Managing Leads. A lead may mean one thing to a marketer and another to sales. Marketing sends messages and engage in activities designed to “get the phone to ring” – but sales wants to know that the person on the other end is a lead worth working. It is a common sales complaint that marketing hands over “leads that aren’t leads.” While it may seem sales is splitting hairs the fact is that, unless sales professionals spend most of their time on workable leads, profitability drops. Here are some basic steps for aligning marketing and sales to effectively manage leads:
- Marketers are experts at sending messages that resonate with their targets. Sales professionals have an intimate knowledge of characteristics and criteria leads must meet in order to “qualify” as a workable lead. Alignment is created when sales shares those characteristics and criteria with marketing and marketing then creates, deploys, and track sequential tactics and messages to customers and prospects that display those characteristics and meet that criteria.
- Keep score. The best way to identify customers and prospects that are in the active process of making a buying decision is to create scoring criteria. For instance, a prospect who signs up to be notified when you put a new blog post up and then soon after signs up to receive your online newsletter is scored higher than a prospect that reads a post but doesn’t opt in. The higher a prospect’s score indicates a higher opportunity to close a sale. Again, when sales shares their expertise as to the different characteristics and behaviors that indicate a prospect is ready to start the buying process, marketing can then create campaigns, programs, and content in alignment with those characteristics and behaviors which can then be scored.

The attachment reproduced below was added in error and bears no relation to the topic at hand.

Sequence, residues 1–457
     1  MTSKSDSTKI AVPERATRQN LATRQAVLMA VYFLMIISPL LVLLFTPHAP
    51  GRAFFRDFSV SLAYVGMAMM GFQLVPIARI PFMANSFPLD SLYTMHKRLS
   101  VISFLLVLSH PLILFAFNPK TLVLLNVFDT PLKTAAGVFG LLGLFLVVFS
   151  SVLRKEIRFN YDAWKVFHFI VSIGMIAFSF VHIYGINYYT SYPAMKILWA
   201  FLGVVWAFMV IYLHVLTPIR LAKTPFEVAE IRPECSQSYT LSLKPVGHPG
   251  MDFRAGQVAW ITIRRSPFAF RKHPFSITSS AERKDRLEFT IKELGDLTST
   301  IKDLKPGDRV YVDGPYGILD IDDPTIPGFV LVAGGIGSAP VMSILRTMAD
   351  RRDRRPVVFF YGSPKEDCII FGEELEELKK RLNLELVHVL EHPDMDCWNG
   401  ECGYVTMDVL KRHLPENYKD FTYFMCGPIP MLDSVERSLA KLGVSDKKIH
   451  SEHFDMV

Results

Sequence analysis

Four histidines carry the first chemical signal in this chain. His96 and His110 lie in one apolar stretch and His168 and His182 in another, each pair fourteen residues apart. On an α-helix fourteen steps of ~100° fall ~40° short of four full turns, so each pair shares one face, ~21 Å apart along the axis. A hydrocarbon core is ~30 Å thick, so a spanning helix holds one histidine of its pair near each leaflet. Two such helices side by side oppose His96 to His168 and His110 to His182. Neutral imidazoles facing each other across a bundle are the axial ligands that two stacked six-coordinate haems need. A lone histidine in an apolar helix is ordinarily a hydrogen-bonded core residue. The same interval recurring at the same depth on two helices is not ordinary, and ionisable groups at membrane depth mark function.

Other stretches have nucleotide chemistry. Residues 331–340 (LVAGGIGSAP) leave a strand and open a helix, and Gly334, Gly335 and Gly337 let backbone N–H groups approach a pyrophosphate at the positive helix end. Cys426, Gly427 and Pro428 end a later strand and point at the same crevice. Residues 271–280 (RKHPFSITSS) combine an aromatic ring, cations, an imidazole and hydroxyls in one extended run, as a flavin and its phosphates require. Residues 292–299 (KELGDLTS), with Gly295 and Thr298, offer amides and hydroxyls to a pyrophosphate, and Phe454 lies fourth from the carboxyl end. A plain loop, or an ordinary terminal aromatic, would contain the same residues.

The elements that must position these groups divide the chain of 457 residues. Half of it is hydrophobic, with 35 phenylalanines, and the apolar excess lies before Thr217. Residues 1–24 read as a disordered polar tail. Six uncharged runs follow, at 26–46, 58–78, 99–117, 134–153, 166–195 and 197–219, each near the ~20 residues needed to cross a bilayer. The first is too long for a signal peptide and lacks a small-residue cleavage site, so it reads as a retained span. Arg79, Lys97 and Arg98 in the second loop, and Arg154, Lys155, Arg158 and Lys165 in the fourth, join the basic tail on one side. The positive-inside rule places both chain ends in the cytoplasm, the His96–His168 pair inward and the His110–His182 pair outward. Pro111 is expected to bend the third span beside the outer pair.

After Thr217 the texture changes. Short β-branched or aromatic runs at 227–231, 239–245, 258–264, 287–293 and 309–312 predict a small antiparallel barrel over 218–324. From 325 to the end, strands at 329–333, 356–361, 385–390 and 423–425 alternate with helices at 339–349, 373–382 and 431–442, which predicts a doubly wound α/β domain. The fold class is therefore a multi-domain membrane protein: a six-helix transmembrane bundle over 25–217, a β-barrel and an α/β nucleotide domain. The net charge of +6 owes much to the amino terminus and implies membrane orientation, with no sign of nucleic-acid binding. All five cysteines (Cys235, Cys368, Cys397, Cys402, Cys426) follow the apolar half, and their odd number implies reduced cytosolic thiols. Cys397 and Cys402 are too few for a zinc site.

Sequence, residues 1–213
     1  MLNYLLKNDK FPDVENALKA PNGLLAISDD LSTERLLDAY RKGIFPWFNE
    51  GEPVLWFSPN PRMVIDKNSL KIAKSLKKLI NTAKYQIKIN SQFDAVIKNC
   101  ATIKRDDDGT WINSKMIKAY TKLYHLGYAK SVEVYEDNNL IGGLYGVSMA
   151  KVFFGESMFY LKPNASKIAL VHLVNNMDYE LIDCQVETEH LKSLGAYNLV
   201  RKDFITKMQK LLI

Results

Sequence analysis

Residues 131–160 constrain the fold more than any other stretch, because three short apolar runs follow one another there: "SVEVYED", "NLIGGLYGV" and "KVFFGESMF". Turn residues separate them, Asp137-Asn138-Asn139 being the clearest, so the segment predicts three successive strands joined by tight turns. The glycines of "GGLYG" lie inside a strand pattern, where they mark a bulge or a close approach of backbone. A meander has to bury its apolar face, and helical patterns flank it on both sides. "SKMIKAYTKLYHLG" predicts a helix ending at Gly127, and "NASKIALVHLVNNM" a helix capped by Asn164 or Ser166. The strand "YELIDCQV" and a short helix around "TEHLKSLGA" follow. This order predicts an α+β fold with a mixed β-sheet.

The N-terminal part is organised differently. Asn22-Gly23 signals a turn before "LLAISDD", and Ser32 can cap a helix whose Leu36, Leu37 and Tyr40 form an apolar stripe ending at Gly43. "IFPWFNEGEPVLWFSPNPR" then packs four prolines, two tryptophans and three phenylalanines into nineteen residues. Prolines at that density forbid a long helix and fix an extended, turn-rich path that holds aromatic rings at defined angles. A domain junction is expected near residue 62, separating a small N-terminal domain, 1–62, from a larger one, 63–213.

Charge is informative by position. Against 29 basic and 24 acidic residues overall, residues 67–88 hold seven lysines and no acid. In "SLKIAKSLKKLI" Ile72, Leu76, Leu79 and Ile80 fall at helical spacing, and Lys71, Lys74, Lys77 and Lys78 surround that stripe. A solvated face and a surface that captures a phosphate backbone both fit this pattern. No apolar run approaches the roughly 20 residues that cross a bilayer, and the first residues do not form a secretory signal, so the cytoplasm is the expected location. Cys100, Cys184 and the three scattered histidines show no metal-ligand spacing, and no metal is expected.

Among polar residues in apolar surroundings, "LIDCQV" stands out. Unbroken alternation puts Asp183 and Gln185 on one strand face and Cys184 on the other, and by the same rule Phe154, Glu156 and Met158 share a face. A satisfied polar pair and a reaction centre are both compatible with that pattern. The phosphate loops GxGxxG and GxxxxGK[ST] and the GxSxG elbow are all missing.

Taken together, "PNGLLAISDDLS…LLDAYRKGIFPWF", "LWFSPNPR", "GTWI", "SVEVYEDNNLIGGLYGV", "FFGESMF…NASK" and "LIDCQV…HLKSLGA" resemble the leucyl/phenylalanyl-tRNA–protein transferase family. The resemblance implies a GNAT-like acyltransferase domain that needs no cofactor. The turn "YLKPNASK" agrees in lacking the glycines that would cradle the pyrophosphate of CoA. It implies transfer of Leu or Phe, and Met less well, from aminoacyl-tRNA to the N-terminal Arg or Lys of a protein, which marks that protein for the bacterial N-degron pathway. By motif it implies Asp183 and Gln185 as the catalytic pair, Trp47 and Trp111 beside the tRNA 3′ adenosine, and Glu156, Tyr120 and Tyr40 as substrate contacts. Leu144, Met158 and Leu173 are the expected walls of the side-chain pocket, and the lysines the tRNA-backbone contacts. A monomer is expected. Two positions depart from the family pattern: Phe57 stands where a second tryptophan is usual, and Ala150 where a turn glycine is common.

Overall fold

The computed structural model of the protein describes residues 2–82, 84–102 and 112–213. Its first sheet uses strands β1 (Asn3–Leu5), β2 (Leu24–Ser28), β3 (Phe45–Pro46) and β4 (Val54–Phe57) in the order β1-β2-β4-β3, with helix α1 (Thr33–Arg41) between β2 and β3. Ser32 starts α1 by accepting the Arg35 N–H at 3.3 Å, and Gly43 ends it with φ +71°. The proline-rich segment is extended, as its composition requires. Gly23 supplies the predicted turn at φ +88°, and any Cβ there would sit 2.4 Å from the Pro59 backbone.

- Sales and marketing need to share their knowledge as to what indicates “buyer readiness” in order for marketing to know how often to contact, as well as what content to deliver prospects, at various stages within the customer’s buying cycle. Marketing is responsible for tracking results of their marketing efforts and then sharing that data with sales. Both sales and marketing use that data to nurture identified leads.
- Agree when to, as well as how to, hand off a lead to sales. Lead scoring as well as feedback from marketing as to results obtained from individual prospects are the data necessary for identifying exactly when a lead should be handed off to sales. This process must be systematic as timing is critical. It is equally important for sales and marketing to have a smooth transition where a lead that failed to close is returned to marketing for future nurturing. This process involves sales reporting to marketing exactly what track to return the lead to. For instance, if the lead didn’t close due to a long buying cycle that prospect would receive different messages than a lead who was currently unable to meet your company’s price point but sales has identified as a growing business.
- Agree to goals. This is pretty simple, but absolutely necessary. For instance, if the goal is for sales to increase the number of deals closed by 10%, marketing must have a goal aligned to making that happen – such as a 25% increase in the number of posts published on their blog and posting a minimum of five comments on social media per day.
- Agree on how to deal with complaints. It is up to both marketing and sales to place a high priority on protecting your small businesses brand. This includes creating a process for handling complaints. Sales can’t be telling a complaining customer that an issue will be solved one way while marketing communicates another solution to the customer.
This story is part of our Small Business Corner, a peek into the life and trials of small business owners.